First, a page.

Add to this the general mood of Democrats and liberals these days, which is to say, spitting mad. Sure, they're mad at Trump, but really they're just mad. Outrage is the lingua franca of the left these days. They will march and shout at the drop of a hat and are just as happy with circular firing squads.
Just imagine, in particular, if the progressive Bernie and Warren mobs get a whiff that the fix is in by party insiders to shove Biden over the finish line.
Here we come, Chicago 1968. Pass the popcorn.
Monday, November 25, 2019
Yale, the school that I love, just can’t seem to get out of its own way lately. At Saturday’s football game against Harvard, something like a thousand students occupied the field for almost an hour. Where “The Game” once had a grand tradition of student pranks, one senses it will now just be another opportunity to showcase protest culture.
To be fair, Harvard students were involved as well, but where PC outrage culture is concerned, Yale always seems to be front and center. There have been many times in recent years when I have felt acute embarrassment over the latest developments from campus. There was, of course, the “screaming girl” incident where students harassed, hectored, and threatened a prominent professor over the issue of Halloween costumes (look it up on YouTube - it’s shocking). Rather than being expelled, at least two of those students were given awards at graduation for promoting racial comity.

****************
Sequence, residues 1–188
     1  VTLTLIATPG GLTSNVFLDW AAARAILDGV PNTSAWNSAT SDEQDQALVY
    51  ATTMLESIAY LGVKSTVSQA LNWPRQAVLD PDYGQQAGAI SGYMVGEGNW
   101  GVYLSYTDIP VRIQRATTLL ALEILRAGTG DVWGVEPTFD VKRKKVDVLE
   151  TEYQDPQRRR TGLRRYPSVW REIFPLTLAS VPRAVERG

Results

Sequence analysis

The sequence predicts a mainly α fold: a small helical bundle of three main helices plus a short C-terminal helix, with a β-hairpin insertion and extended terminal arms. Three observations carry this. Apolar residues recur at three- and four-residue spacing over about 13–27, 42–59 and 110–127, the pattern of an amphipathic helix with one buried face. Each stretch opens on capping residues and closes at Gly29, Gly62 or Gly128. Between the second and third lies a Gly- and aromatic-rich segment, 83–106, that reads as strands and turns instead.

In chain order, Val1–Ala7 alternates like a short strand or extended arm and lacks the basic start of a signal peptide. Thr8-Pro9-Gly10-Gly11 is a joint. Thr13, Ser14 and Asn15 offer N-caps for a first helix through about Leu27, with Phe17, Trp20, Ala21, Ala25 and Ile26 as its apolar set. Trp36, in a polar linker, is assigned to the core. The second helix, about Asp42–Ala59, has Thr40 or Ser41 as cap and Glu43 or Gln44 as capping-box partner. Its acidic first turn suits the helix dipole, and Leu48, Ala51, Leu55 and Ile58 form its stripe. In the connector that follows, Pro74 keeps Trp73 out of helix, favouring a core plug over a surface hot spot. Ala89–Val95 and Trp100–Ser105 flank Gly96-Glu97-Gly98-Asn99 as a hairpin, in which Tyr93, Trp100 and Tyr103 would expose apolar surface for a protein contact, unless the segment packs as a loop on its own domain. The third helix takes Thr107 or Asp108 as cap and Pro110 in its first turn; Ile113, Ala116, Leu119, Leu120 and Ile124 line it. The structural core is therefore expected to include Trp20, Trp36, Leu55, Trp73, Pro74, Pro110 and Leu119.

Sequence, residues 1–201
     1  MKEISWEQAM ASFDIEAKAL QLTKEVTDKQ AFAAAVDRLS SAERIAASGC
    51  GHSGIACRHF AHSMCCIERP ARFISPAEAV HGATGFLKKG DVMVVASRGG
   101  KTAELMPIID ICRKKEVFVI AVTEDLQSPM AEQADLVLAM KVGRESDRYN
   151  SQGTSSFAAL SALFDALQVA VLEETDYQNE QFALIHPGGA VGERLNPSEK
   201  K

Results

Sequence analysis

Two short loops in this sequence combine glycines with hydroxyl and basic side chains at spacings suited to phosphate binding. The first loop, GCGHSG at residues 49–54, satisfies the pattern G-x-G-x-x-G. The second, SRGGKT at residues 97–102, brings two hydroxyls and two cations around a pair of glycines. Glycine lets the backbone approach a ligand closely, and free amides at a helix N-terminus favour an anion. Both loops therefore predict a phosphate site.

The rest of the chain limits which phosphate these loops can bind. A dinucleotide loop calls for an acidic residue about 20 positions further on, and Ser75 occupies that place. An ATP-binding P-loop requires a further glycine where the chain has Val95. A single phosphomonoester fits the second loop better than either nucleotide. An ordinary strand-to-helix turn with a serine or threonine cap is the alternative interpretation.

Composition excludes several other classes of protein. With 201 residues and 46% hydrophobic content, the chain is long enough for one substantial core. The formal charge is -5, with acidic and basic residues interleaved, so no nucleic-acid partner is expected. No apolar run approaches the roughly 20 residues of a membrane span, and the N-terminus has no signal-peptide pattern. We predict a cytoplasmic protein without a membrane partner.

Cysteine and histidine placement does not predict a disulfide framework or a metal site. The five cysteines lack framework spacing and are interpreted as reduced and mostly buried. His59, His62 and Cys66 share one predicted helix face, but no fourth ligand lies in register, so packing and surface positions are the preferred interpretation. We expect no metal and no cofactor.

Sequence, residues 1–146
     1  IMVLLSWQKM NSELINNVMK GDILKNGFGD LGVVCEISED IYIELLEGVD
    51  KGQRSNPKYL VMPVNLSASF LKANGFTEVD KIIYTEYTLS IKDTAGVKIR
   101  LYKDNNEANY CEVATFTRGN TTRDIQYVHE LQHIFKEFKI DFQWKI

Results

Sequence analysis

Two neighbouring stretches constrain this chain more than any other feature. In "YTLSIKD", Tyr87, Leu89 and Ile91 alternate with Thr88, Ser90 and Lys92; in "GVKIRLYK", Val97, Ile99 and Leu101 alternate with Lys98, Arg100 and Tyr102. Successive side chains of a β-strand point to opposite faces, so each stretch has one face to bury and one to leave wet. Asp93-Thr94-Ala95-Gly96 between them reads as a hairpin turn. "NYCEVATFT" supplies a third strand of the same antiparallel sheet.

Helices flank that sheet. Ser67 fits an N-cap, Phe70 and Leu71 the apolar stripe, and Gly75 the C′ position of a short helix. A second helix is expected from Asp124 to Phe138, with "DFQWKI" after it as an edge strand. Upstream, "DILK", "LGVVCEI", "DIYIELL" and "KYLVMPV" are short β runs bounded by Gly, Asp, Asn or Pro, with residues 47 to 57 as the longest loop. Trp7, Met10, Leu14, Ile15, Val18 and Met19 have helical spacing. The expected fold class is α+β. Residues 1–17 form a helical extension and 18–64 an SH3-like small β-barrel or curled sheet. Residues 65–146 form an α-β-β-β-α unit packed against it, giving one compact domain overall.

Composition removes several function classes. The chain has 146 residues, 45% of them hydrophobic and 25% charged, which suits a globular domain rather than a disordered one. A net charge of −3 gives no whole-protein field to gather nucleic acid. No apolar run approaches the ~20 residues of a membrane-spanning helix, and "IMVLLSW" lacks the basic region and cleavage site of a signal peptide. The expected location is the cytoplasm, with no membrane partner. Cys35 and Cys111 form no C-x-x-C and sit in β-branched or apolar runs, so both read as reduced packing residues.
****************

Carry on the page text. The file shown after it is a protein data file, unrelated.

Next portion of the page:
There was the covering of a stone carving because it depicted a pilgrim with a musket. There was the free speech conference that two hundred students tried to shut down. I was at that one. On a more personal level, there was the undergraduate woman who accused me of patriarchy for holding a door for her at my last reunion.
Incidents like those prompted me to write the satirical novel Campusland, but Saturday’s events remind me that it wasn’t satire at all.
Don’t get me wrong, the students have every right to protest, but this was the wrong place and the wrong time. By holding up the game almost an hour, they placed Yale in a position where they might have had to forfeit. Imagine being one of the seniors who’d worked so hard for this moment - a Harvard Yale game with the Ivy League championship on the line - only to forfeit? How is that fair to them, their families, and the legion of fans who paid to see the game? As it was, the delay pushed the game into darkness, finally ending fifteen minutes after sunset. It was almost impossible to see, and the refs would have pulled the plug if it had gone even a few minutes longer.